12 Tips to Get You Back on Track After Eid Al-Fitr Vacation

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How to Get Back on Track After Eid Al-Fitr Vacation - Welcome Back! We hope that you've enjoyed your Eid Al-Fitr vacation. After returning from Eid Al-Fitr holiday, most of us have post-vacation syndrome.

 What is a post-vacation syndrome, and how does it affect you?

Post-vacation syndrome, sometimes known as the "holiday blues," is a depressed mood that occurs after a period of high emotions or stress.

Insomnia, poor energy, irritability, loss of focus, and anxiety are some of the most common symptoms of post-vacation syndrome.

The outcome of a quick surge of stress hormones following a significant event, such as a wedding or the holidays, is known as post-vacation syndrome.

Dr. Job is here to answer the question of how can you get back on track after Eid Al-Fitr's vacation?

1- Make a list of all the things you need to do.

To begin, arrange yourself. That will help the remainder of your week go more smoothly, but it'll push you to get more done.

Read also, Missed Eid Vacation? Here Are 11 Tips To Make It Up For Yourself

So, take a piece of paper and a pencil, or open a new note on your computer, and write down all of your monthly to-dos (now isn't the time for a complex organizing system).

Then, using numbers, organize them according to urgency or deadline (so that it's a laundry list).

Then, determine how you'll spend today—you'll most likely be able to get through the first two hours of your day back, so start small.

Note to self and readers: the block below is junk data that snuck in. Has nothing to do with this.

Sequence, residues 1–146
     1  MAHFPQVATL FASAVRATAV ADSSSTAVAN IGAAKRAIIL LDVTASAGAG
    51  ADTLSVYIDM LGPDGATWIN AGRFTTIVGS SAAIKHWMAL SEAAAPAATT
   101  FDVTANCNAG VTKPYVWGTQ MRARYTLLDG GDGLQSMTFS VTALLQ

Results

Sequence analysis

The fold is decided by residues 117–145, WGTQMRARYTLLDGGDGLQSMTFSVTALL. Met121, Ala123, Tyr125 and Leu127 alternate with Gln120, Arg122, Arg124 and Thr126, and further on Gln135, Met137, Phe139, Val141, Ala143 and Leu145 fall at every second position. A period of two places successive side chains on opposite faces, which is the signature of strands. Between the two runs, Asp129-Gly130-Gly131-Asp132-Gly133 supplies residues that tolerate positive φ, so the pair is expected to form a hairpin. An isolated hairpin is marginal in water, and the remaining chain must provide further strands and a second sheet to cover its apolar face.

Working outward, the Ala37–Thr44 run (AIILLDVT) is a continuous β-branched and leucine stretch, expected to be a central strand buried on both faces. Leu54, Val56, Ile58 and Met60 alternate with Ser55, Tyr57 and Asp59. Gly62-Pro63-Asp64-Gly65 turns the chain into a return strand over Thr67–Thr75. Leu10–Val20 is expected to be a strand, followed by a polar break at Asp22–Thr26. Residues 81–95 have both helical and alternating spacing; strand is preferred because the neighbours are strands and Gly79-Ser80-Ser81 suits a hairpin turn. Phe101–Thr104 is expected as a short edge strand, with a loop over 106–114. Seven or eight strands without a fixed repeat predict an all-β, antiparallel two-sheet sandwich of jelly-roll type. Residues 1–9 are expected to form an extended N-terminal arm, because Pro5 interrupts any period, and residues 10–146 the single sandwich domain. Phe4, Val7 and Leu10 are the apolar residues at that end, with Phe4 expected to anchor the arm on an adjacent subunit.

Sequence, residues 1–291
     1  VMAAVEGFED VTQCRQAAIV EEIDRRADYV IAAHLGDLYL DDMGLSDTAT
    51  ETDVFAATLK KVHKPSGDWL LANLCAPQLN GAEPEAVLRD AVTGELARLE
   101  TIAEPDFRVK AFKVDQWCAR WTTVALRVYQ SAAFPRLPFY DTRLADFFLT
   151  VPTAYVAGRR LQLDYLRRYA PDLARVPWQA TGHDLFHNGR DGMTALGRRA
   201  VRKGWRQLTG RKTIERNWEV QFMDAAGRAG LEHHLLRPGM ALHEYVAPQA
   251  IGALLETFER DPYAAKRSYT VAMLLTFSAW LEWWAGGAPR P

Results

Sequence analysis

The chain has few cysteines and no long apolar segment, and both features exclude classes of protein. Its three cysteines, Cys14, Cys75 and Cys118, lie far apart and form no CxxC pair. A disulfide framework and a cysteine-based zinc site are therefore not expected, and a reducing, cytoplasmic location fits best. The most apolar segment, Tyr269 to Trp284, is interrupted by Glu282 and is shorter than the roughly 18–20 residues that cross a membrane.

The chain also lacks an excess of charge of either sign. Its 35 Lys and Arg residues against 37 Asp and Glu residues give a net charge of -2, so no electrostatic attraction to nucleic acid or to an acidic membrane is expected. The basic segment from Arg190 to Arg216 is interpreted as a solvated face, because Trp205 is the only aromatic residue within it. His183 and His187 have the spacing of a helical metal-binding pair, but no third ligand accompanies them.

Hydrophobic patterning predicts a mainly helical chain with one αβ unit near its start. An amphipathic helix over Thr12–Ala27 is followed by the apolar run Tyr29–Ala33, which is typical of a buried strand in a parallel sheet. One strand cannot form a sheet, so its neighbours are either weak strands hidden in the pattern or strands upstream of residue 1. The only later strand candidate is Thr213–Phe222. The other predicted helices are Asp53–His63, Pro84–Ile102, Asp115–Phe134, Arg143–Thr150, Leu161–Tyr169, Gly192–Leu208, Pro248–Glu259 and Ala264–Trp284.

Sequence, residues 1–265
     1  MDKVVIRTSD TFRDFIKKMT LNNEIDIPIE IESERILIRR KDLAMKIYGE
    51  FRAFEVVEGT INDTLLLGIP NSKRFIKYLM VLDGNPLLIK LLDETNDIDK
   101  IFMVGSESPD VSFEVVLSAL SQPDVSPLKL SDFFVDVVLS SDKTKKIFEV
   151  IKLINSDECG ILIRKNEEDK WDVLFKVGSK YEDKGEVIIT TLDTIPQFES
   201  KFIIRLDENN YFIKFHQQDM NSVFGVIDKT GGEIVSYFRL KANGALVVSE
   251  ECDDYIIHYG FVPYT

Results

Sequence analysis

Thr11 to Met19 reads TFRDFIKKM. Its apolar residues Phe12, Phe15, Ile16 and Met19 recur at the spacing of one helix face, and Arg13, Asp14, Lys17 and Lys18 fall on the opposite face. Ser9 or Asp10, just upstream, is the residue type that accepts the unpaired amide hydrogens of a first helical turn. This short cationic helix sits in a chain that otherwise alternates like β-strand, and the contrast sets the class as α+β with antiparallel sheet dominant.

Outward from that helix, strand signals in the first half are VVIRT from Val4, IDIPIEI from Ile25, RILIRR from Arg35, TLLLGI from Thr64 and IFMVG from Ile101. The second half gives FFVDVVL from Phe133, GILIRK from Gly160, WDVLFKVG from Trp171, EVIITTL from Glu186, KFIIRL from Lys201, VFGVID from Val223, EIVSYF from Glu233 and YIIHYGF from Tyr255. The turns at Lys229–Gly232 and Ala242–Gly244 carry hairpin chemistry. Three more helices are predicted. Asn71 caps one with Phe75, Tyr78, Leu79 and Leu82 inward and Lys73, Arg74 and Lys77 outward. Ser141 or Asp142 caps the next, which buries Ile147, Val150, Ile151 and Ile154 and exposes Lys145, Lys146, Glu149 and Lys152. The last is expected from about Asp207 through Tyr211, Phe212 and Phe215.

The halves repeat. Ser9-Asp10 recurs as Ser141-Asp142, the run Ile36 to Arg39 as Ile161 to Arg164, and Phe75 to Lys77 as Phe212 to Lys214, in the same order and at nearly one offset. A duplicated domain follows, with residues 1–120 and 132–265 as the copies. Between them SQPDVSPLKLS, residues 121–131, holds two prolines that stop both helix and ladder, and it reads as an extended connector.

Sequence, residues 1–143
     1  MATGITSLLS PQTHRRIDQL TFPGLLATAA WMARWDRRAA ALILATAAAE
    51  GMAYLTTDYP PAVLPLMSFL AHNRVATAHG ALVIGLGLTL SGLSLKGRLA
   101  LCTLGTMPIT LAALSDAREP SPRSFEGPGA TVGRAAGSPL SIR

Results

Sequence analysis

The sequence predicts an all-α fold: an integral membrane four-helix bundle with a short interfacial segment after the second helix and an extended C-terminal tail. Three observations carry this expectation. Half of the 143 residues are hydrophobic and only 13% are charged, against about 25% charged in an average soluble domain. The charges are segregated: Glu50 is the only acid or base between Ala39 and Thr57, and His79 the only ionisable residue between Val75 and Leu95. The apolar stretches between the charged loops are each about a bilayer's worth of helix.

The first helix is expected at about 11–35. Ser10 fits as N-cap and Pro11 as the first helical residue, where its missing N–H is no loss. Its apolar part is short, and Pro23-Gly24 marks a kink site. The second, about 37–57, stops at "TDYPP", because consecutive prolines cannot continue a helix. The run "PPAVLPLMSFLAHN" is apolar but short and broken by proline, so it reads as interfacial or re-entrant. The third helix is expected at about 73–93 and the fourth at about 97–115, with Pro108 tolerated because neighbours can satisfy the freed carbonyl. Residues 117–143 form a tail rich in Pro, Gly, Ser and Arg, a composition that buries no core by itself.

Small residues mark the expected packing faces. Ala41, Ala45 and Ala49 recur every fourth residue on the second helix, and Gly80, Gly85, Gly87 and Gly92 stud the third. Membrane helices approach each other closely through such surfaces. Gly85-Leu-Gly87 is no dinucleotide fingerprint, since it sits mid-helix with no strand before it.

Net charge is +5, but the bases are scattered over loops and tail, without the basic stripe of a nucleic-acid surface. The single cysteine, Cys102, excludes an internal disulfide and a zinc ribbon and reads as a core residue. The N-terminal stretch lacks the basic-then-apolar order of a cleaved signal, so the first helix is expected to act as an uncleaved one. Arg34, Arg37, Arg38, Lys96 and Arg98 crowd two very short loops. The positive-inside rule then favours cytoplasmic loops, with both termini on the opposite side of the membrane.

2- At 9 a.m., don't expect to be at full speed.

Many of your coworkers will be in the same boat as you, returning to work after vacation or downtime.

Consider what you really want to achieve on your first day back at work before you even start. Make a list of one or two major objectives for the day. No one asks you to have it all arranged and addressed by 9 a.m.

Give yourself a bit extra time to do your regular daily duties to get back into the swing of things.

3- Regain control of your sleeping patterns.

We tend to abandon our sleep patterns when we're not at work. It'll be a real challenge to get out of bed when the alarm goes off after a string of late nights and early mornings, plus the luxury of being able to take midday naps if you want them.

So everything you can do to obtain a decent night's sleep would be beneficial. Instead of watching television, take a bath or shower, listen to soothing music, or read a book to unwind before night.

But the most significant change you can make is to turn off your devices an hour before night — close the laptop, stow the iPad, turn off your phone, and fight the urge to look at them.

Instead, not only will what you're reading excite your delightfully calm mind, but the device's blue light will trick your brain into thinking it's daytime, suppressing the creation of melatonin in your body - the hormone that aids sleep.

4- Sort Through Your Emails.

You most likely have a large number of emails. Today isn't the day to get to the bottom of your inbox. Instead, establish three email labels with the following names (how to do it in Gmail and Outlook).

Sort all of these emails into three folders based only on the subject line; afterward, concentrate exclusively on the first folder today (and save the last folder for Friday, when you're done with the week's work).

Keep in mind that if anything is urgent, the sender will almost certainly ping you again.

5- Bring a snack to enjoy.

That may seem a little childish, but it's just as applicable to adults as children.

 If your employment is anything like mine, you've spent the last few days surrounded by Kahk and Eid snacks.

Now that Eid Al-Fitr vacation is over, the office will undoubtedly revert to a depressing, candy-free environment.